Thanks for nothing, Mrs. Clark, or What’s important to teach?

As people have been hunkered down at home during the Covid-19 epidemic and parents have been smacked in the face with the difficulties of trying to keep children productively employed in confined spaces for hour after hour, I’ve been thinking about Mrs. Clark.

Mrs. Clark was my high school English teacher. I clearly remember two things from her classes.

First, I remember that when she talked about fiction, Mrs. Clark said the details a novelist chooses are important. To illustrate that concept, she said that when she did dishes, there was always one spoon left in the bottom of the dish pan after she thought she’d finished washing up.

 

kitchen sink with single spoon in it
Sure enough, just as Mrs. Clark said, there’s a spoon left in the sink.

I don’t recall what novels we had to read in Mrs. Clark’s classes other than Lord of the Flies and I’m pretty sure is there was no dish-washing scene in  that. Nonetheless, what Mrs. Clark taught, stuck with me. I probably remember her a couple times a month when I do dishes and find a spoon left in the bottom of the dish pan after I think I’ve finished washing up.

I also remember that Mrs. Clark taught us to spell cemetery.

Mrs. Clark said that if you went by a cemetery on a dark night, you might cry, “E-e-e.” That mnemonic came in handy after the death of my uncle’s widowed second wife’s second husband when I emailed my sister to report that I had gone to the funeral and to the cemetery to represent our family. That was about 50 years after Mrs. Clark had taught me to spell cemetery, and I hadn’t forgotten.

Mrs. Clark taught well. Her mnemonic stuck with me for 50+ years.

I also hadn’t needed to spell cemetery any other time in those 50 years.

And this is the first time I’ve needed to spell cemetery since.

Why think about Mrs. Clark now?

When the children who are confined at home during this epidemic look back in years to come, I wonder what they’ll have learned from the experience.

What will kids learn now from the pandemic and afterwards in school?

Will it be something they will use just once in 70 years?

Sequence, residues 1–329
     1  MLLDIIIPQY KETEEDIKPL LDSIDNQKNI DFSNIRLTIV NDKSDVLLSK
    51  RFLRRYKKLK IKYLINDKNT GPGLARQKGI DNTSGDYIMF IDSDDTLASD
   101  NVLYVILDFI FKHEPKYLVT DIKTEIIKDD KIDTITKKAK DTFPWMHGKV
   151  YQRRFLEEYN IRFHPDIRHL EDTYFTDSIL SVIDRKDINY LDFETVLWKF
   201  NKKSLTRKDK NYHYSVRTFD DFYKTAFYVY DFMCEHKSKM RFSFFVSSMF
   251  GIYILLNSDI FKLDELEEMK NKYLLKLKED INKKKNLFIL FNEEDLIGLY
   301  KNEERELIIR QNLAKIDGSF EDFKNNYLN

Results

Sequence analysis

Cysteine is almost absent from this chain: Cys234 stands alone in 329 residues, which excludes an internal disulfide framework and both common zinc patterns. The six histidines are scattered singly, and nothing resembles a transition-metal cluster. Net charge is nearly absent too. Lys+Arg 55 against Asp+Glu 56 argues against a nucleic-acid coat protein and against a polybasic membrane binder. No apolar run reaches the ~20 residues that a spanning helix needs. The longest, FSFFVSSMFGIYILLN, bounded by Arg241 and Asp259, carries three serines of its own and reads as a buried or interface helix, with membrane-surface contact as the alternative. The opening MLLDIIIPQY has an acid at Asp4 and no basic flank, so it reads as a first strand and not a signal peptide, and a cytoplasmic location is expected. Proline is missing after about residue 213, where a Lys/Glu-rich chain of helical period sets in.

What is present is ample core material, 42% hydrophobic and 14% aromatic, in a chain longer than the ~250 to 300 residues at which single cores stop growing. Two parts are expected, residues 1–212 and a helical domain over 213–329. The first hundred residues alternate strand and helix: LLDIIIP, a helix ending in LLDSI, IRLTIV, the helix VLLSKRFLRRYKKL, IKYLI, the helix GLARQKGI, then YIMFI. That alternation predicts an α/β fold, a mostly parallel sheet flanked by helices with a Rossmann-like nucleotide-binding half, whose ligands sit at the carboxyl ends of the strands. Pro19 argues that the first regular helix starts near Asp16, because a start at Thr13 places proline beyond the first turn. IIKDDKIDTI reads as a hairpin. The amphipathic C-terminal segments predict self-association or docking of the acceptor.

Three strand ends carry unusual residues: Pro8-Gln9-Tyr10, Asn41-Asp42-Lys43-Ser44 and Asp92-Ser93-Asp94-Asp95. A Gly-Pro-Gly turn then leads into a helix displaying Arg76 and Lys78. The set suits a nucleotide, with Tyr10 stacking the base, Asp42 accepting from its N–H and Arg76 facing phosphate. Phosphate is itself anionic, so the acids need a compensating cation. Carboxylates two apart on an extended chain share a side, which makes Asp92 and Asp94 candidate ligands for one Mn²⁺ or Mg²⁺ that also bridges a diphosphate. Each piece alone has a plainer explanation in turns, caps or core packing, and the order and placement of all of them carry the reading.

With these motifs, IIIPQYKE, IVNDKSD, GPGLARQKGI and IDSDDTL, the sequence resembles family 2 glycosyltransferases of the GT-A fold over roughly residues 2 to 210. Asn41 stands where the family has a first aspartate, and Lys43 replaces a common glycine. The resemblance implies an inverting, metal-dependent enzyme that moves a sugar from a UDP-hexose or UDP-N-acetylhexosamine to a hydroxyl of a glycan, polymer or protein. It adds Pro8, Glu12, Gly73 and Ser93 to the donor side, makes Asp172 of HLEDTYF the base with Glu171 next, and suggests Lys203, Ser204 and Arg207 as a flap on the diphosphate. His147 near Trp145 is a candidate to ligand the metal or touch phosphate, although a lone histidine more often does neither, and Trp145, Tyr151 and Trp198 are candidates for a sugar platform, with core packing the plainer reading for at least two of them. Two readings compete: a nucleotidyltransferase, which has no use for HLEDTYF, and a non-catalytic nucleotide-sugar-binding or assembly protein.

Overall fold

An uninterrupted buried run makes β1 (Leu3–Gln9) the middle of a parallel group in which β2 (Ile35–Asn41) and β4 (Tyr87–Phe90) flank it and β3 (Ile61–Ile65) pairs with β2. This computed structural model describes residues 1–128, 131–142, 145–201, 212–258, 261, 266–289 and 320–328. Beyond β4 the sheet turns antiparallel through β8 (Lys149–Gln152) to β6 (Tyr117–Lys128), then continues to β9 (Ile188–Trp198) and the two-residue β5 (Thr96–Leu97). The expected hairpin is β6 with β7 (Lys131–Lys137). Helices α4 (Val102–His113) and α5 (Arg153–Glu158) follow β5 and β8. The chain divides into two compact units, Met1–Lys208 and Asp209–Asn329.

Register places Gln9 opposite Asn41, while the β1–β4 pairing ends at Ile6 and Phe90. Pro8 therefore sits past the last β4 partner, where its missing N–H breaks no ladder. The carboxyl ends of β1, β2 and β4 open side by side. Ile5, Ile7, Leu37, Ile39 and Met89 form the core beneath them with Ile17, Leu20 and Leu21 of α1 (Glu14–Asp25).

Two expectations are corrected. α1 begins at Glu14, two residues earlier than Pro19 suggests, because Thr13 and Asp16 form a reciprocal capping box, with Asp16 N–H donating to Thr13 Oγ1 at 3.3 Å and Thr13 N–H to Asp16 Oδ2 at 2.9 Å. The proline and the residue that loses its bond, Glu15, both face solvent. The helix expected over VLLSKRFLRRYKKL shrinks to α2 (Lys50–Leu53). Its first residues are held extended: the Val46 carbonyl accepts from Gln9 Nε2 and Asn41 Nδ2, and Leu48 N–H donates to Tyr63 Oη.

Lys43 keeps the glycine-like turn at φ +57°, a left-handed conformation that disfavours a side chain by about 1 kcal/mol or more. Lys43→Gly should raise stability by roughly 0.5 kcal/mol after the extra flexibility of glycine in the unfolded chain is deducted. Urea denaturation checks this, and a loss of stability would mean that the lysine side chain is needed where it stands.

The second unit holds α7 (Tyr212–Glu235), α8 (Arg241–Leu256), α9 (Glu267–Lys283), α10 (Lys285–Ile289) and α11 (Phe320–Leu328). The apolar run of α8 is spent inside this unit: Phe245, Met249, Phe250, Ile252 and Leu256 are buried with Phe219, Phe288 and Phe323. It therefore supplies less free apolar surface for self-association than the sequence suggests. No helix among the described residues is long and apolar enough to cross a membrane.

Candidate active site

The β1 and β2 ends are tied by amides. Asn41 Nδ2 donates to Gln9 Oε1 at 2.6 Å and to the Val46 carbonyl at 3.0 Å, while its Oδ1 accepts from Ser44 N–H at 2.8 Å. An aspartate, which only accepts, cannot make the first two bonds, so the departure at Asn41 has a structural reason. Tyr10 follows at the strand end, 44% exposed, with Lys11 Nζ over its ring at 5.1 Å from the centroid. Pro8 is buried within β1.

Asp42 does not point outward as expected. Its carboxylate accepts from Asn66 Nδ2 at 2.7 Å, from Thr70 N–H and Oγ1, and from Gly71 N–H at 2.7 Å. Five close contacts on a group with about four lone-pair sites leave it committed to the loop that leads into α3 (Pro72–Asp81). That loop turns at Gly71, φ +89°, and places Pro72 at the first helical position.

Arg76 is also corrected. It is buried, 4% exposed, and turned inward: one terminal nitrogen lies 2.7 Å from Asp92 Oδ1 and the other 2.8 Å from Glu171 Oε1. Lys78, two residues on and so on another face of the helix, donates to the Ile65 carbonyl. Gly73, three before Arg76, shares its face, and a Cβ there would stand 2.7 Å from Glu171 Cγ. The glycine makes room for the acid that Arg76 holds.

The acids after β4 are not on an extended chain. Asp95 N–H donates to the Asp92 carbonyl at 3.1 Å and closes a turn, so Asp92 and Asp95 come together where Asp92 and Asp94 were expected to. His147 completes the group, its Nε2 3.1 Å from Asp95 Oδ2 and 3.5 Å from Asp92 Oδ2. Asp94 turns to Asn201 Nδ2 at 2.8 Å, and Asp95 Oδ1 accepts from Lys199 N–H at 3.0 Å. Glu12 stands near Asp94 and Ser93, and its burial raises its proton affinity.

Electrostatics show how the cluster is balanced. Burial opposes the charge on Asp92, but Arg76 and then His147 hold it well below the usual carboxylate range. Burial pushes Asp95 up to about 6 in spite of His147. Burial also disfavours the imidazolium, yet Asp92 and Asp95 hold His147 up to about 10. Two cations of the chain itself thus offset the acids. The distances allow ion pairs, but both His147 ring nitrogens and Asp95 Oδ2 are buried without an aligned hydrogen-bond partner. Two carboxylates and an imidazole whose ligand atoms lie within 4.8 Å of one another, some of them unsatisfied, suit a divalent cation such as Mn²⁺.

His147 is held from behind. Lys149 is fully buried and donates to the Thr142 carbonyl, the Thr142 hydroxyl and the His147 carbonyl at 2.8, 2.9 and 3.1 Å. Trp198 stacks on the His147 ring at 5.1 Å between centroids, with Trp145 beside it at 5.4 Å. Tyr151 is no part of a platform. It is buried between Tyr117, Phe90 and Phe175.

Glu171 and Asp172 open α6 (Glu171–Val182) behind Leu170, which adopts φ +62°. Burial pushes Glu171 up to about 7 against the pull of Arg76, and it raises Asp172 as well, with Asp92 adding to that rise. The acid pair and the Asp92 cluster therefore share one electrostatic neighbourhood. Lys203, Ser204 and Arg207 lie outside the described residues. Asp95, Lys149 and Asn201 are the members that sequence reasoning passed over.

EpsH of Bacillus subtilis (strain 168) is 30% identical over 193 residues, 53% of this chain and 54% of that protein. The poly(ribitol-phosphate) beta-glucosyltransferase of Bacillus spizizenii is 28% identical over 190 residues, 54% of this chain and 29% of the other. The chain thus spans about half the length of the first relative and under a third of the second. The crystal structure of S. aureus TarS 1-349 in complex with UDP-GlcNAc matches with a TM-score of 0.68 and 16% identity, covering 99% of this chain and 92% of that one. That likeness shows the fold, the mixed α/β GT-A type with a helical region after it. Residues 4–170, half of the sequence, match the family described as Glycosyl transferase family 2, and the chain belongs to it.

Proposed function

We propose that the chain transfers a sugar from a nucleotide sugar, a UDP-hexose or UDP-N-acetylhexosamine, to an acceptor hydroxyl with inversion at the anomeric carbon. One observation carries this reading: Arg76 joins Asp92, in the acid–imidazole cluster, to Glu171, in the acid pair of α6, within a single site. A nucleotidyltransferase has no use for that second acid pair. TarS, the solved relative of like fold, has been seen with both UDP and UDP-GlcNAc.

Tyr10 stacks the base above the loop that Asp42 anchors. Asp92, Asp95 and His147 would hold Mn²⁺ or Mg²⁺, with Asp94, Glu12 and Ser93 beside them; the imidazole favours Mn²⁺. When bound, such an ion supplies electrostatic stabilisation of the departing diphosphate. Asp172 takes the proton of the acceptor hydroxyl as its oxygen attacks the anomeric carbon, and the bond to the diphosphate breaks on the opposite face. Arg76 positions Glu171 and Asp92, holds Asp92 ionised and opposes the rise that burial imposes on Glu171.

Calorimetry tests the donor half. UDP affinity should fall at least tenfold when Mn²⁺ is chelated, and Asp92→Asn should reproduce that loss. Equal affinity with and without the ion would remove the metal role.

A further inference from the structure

Or something worthless they remember vividly?

And when the epidemic is history and they get back to school, what will they learn there?

Will it be something they will use just once in 70 years, or something worthless they remember vividly?

Or might it be something they use day in and day out for the rest of their lives?

While we’re hunkering down in our homes, waiting out the Covid-19 epidemic, let’s use some of this time to think about what we can teach students that will have every-day-all-their-lives significance.

©2020 Linda G. Aragoni

Taxonomy-aligned multiple choice questions

Taxonomy of Educational Objectives cover
My well-read paperback Taxonomy

 Today I’ll show you three multiple choice question sets for testing students’ knowledge of correct punctuation rules.  To create the questions, I used a sample question in 1956 Bloom’s Taxonomy of Educational Objectives from a different subject for my pattern. I think you’ll see that the definition of knowledge as used in the Taxonomy means a far deeper understanding than simply being able to choose a correct answer.

If you use these questions with students, they may get some answers right by guessing, by they won’t get many right by guessing. To get all 11 answers correct, they have to understand the meanings of the terms in which the rules are expressed.

Knowledge is popularly believed to be the “easiest” of Bloom’s six types of learning, even though the authors specifically say that is not the case. Learning at the knowledge level is difficult for students because they typically have very little context for information they learn at that level. Learning at the higher levels may come much more easily because the students have far more context for understanding it.

Enough theory.  Take a look at multiple choice questions about basic punctuation rules.

A five-question set

For the five numbered items below,  indicate by letter whether the rules for the use of possessive apostrophes are:
(a) correctly applied, or
(b) incorrectly applied, or if
(c) from the information, it can’t be determined whether the rules are correctly applied.